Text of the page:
Andrew Breckenridge, executive vice president of Fortna, tells how supply chain executives can engage in long-term planning to mitigate future risk, even as they’re battling the crisis of the moment.
First step toward taking the long view is surmounting “a mental hurdle,” says Breckenridge — the realization that what supply chains are going through now is the “new normal.” Second, he advises, companies need to take an “outside-in” view of their operations, drawing on the expertise of supply-chain partners and developing “what-if” scenarios for dealing with possible future disruptions.
“Supply chain is no longer a simple functional space,” says Breckenridge. “It’s now a horizontal function that impacts both the front end and support aspects of the business, and determines the types of capabilities and promises that can be made to the market.” To support that view of operations, he adds, companies need an “outside lens.”
Focusing on the future when present crises are so demanding can be a huge challenge for supply chain managers. But Breckenridge says organizations must adopt a whole new approach to what constitutes success. Where they once concentrated on metrics such as efficiency, cycle time and productivity, now they must adopt the mindset of long-term resilience. They must know what happens when things break, and how to fix them with the least amount of damage to the organization.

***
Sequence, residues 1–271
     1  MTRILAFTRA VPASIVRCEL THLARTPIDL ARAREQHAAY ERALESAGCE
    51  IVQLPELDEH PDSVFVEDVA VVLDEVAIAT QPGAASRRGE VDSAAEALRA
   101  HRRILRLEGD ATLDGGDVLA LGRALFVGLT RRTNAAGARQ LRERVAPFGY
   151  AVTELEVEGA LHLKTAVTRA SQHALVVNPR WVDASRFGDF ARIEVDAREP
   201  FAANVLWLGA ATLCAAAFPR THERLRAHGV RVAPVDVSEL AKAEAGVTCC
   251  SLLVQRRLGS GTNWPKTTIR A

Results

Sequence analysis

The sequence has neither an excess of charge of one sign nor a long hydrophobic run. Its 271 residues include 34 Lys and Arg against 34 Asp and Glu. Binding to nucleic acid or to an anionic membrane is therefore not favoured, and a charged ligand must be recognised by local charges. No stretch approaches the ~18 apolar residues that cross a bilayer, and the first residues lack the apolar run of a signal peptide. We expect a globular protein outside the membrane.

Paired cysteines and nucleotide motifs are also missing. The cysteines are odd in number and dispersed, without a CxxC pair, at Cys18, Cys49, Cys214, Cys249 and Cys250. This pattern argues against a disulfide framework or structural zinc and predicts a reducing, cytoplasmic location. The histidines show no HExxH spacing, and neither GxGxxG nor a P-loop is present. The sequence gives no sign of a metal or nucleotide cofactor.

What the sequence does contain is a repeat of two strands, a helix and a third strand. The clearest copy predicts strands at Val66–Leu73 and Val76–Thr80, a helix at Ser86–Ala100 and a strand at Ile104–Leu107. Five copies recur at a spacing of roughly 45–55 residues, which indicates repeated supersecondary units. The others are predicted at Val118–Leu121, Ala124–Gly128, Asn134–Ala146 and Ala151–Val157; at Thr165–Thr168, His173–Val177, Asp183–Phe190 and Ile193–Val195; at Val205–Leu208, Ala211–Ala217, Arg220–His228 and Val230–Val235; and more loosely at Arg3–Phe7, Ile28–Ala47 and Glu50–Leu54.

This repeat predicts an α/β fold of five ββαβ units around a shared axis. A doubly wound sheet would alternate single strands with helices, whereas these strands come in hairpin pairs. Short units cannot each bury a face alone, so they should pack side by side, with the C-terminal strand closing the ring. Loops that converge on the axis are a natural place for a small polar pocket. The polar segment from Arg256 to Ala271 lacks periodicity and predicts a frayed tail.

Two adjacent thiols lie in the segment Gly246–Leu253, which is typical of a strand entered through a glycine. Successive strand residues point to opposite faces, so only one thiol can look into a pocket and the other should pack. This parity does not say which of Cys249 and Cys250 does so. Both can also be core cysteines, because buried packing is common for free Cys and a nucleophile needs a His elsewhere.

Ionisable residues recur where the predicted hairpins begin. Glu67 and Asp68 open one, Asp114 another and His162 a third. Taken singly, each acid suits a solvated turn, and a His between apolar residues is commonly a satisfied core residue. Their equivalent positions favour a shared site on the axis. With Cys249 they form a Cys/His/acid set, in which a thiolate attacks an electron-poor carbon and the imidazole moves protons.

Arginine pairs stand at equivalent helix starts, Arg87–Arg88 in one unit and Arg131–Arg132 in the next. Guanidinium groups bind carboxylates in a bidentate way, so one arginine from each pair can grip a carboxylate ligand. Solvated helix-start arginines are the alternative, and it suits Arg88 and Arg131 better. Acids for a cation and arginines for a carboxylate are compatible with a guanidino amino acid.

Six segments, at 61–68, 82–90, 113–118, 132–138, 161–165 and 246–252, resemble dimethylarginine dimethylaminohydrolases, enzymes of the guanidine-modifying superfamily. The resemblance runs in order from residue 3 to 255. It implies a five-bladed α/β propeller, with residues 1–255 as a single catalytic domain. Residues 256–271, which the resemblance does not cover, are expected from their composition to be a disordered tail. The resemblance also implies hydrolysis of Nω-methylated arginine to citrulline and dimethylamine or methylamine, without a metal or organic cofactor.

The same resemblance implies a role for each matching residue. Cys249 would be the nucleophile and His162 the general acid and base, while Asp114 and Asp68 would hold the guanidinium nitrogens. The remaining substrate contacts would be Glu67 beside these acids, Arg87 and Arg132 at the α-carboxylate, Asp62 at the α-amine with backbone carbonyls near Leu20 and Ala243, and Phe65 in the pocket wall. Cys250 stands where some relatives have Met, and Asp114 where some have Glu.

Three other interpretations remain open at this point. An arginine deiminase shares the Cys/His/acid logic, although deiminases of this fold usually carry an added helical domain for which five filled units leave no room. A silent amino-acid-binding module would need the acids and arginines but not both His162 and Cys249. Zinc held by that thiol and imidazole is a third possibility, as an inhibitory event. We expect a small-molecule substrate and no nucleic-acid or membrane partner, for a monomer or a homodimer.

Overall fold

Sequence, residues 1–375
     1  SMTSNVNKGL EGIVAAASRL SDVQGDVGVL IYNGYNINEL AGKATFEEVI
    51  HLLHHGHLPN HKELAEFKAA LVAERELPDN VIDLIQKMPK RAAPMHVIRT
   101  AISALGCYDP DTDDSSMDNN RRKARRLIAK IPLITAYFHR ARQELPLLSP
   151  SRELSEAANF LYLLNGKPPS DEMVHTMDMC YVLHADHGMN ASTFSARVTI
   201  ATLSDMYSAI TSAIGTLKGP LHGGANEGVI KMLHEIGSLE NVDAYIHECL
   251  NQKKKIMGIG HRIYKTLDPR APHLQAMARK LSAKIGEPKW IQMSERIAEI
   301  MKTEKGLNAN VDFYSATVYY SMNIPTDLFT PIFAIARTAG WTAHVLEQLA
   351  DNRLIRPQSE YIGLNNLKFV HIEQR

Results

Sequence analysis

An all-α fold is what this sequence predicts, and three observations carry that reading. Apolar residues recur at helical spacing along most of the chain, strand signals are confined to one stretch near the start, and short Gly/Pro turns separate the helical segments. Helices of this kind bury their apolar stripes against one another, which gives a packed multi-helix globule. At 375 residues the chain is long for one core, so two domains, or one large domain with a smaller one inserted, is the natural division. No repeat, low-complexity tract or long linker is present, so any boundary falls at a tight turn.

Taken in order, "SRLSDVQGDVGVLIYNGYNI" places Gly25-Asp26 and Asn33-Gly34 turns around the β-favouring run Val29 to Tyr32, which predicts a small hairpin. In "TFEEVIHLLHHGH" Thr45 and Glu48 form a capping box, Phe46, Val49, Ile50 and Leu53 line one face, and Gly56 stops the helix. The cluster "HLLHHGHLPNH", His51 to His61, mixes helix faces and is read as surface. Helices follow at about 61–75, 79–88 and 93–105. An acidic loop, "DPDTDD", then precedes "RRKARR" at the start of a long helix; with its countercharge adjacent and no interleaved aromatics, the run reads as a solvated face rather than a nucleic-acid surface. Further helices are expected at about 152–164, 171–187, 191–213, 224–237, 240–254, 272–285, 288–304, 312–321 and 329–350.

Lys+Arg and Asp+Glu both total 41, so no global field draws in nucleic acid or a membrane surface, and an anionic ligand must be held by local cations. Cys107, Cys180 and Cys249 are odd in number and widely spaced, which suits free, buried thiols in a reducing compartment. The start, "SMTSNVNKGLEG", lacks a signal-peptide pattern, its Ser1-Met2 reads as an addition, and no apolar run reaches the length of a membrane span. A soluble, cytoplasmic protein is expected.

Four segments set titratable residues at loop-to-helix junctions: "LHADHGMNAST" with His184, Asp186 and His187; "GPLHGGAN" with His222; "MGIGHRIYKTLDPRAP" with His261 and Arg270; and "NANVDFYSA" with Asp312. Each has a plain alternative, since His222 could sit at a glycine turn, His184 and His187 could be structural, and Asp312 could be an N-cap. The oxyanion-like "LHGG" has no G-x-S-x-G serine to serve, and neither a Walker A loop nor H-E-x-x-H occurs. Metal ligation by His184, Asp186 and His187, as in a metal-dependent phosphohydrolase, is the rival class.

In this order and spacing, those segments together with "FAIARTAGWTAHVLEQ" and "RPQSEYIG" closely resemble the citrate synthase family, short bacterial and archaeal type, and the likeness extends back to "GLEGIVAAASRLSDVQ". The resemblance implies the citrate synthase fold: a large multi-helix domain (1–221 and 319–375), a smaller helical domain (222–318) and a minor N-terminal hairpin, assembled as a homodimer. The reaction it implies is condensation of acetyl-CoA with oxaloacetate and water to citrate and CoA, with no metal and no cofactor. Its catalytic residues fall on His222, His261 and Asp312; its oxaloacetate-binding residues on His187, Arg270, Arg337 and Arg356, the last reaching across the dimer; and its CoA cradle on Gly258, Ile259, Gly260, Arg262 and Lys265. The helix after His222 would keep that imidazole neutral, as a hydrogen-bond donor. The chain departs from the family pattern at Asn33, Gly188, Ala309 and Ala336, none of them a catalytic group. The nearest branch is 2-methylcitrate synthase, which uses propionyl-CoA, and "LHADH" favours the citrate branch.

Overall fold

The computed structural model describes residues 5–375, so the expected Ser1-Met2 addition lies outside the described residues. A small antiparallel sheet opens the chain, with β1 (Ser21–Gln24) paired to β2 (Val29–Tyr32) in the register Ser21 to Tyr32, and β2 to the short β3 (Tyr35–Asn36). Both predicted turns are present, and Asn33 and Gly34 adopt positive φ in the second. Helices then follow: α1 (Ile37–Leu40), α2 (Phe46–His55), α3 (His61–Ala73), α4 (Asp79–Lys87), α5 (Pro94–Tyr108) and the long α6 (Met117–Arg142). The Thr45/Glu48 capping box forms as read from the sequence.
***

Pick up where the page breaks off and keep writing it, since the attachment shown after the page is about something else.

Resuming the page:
Still, these new “soft” metrics can be hard to pin down. New performance measures will draw on tools such as value-mapping streams and an assessment of how product and inventory actually flow through the network. “Over the last 10 to 15 years, the role of the supply chain leader has changed markedly,” Breckenridge says. “Making the mental and cultural transition to becoming a true supply chain leader is one of the many challenges.”
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